From the bright lights of the city to the Outback!
Dynamic city surgeon Poppy is at the top of her game and can’t believe she’s been sent to work in a rural Outback town! Her colleague, brooding emergency doctor Matt, seems to thrive on the small-town solitude, but Poppy knows he’s hiding from something and she’s determined to draw him out of his shell and make him face his secrets.
To Sandra, with many thanks for keeping us neat and tidy!
Why I Wrote the Book
Women have trail blazed into many previously male dominated areas including medicine, but within medicine, surgery remains one speciality that is under represented by women. I recall hearing an interview with the female neurosurgeon at the Royal Children's Hospital in Melbourne after she led the team to separate the conjoined twins and she spoke of how hard the road had been as a woman in that profession and how some of her superiors had tried to talk her out of neurosurgery. She made many personal sacrifices for her professional career. It was this interview that sparked the idea for 'Career Girl in the Country.'
The only soft thing about Poppy Stanfield is her name. She's so very close to being made head of surgery at a Perth hospital and finally everything she's worked so hard for is about to come to fruition, but she failed to factor in her wiley boss and suddenly she finds herself in the far north of Western Australia surrounded by gibber plain, heat haze and Goannas that go bump in the night. From the moment she steps off the plane at Bundallagong, she's determined to get back to Perth ASAP.
Matt Albright is in charge of the Emergency department at Bundallagong District hospital and he's barely getting through each day after a shocking personal tragedy. The last thing he needs is a bossy and opinionated surgeon from the city arriving and trying to run his department as well as his own.
But Poppy's sharp angles and hard edges are all a decoy to hide a damaged heart. Can Matt's damaged heart help heal her own?
Career Girl in the Country
Female surgeon takes out Bampton Award.
Ms. Stanfield's meteoric rise in the male-dominated field of surgery was recognised last week. Journal's "on the ground" photographer snapped Ms. Stanfield wearing a black suit (left)) and we're left wondering if rather than taking the "Old Boys Club" by storm, she's actually joined it. Rumour has it she's in negotiations with two prestigious hospitals for Chief of Surgery.
Poppy Stanfield's six a.m sip of Saturday coffee turned bitter in her mouth as she read the five line article on the back page of the Perth newspaper. She didn't give a damn about the bitchy comment on her cinch-waisted black suit but how the hell had the gossip columnist found out about the job interviews? One job interview especially; the one she'd very carefully and deliberately kept quiet because it was hard enough being female in this business, let alone having the temerity to want a top job. A top job she was determined to own one way or another which was why she'd applied to Southgate as well as within at Perth City.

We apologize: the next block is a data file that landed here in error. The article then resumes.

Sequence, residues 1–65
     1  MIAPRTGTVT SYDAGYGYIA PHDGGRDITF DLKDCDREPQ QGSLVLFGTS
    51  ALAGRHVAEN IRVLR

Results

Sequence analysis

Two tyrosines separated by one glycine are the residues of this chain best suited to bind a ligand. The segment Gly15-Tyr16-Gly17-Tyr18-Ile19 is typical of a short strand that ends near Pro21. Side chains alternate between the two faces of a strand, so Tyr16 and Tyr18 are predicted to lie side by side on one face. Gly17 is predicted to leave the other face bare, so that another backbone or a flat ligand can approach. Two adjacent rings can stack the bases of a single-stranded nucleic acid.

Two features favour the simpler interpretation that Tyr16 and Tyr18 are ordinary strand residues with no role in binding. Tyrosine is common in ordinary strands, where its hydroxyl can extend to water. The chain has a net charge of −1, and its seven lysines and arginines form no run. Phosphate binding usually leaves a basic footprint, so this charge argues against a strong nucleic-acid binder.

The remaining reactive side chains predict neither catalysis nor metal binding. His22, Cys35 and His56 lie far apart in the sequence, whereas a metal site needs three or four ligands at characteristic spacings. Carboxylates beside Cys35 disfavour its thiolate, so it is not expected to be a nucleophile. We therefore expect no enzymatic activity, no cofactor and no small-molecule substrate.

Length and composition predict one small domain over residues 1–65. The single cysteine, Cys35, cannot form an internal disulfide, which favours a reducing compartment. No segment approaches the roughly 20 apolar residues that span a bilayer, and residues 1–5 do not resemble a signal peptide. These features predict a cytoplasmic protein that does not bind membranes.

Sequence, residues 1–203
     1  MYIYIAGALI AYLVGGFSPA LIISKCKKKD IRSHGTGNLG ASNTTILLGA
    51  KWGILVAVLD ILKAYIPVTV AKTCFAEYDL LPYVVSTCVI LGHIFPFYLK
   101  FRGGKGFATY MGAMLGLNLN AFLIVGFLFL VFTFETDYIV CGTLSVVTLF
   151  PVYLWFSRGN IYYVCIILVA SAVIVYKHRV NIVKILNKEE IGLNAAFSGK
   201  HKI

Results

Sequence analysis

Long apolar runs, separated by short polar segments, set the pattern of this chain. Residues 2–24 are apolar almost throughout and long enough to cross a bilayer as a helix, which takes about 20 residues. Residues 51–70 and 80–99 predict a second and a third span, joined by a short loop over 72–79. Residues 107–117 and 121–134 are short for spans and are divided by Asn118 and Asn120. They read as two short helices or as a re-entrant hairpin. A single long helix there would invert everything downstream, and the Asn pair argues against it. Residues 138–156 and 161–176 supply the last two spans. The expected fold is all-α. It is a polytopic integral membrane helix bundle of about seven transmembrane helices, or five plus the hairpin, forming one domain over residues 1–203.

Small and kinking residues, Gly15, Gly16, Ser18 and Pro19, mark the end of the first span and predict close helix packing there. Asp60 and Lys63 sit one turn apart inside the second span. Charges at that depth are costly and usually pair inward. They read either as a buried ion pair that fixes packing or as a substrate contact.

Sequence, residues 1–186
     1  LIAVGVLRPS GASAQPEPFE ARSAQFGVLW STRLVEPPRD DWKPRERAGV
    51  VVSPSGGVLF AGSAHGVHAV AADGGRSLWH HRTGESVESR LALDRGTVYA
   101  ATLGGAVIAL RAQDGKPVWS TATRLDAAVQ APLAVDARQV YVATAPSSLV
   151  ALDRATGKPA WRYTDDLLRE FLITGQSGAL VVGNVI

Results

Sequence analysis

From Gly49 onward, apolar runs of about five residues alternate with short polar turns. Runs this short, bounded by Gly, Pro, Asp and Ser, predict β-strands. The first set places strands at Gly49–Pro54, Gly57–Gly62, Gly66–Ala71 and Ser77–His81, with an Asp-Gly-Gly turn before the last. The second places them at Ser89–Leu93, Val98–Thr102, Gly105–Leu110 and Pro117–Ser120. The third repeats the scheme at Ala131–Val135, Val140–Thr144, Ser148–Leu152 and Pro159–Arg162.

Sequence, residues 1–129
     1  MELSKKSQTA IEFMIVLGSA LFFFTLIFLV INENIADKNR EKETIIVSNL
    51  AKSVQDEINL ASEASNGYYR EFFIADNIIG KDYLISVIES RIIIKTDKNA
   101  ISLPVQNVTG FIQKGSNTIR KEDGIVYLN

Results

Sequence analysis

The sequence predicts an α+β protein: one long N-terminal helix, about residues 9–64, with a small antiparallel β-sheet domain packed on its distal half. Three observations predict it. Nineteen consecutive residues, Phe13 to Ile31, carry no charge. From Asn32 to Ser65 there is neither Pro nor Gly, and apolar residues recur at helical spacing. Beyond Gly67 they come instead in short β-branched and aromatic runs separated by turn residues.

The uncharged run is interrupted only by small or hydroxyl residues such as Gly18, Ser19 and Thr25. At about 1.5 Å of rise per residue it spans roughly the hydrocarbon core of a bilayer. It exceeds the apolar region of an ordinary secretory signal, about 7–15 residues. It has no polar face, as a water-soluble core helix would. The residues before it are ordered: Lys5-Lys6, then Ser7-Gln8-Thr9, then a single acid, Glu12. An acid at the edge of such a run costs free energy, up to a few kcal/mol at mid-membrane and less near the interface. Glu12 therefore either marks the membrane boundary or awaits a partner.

And now "one way" was now her only remaining option.
Her disappointed gaze caught sight of the crested envelope from Southgate that had arrived yesterday containing a letter with the words, "unsuccessful candidate". She hadn't read past them because there'd been no point. Poppy Stanfield didn't lose; she just regrouped and planned a new strategy. The problem was that her other strategy had been the Southgate application. It would have been a huge coup to land that job ahead of the Perth City but the interview panel had been hostile from the moment she'd walked in.
The Bampton win had ruffled more than a few feathers in the surgical ranks, and the media attention had been unexpected. The memory of the ditzy and pen-less journalist with hair flying who'd arrived late to interview her, sent a sliver of irritation down her spine. Poppy re-read the article and the bald, incriminating words. Hell, why hadn't she spent more time with the journalist instead of rushing through the interview?
The faint echo of mocking laughter sounded deep down inside her. You spend all your time at work and when have you ever really spent time with anyone?
Her 3G phone chirped loudly making her jump. Given it was six a.m, the call was most likely the hospital needing her for an urgent consult and absolutely nothing to do with this tiny article buried on the back page of the paper. Yes, an emergency consult would be the best scenario. The worst scenario would be-. Stop right there. She refused to contemplate a worst scenario but that said she checked the screen before answering it.
She groaned into her hand. The name of the hospital's executive medical officer and her current boss, blinked at her in inky and unforgiving black. Damage control. Tilting her head back and bringing her chin up, she answered the call with a firm, crisp greeting. 'Hello, William.' 'Poppy.' The Professor spoke her name as if it pained his tongue to roll over the combination of letters. 'I've just seen the paper.'
Show no weakness. 'You must be pleased.' She ignored the vividly clear picture of him in her mind- tight face and stern mouth- the way he always looked when he believed a staff member had let him down. She infused her voice with enthusiasm. 'It was an excellent article about your ground-breaking in-utero surgery.'
'It was, and surprisingly accurate, but that's not the article I'm referring to.' No way was she admitting to anything so she let the deliberate silence ride, biting her lip not to say a word.
William continued. 'In your thank-you speech at the Bampton awards you said you were committed to Perth City.'
She pushed the Southgate envelope under the paper and out of sight. 'Absolutely. City's given me every opportunity', the words of her speech flowed out smoothly in stark contrast to the reality which had involved her fighting to get into the surgery program, working harder and longer hours than her male counterparts, and ignoring the advice that surgery took beautiful young women and turned them into ugly old ones. She'd stopped thinking of herself as a woman long ago and along the way she'd given up on the dream of marriage and a family of her own. 'Should the board see fit, it would be an honour to serve as the Chief of Surgery.'
His tone bristled with sarcasm which Poppy ignored. 'Yes, indeed, and as I outlined in my interview with the board, I can start immediately and provide a seamless transition period before Gareth leaves for Brisbane.'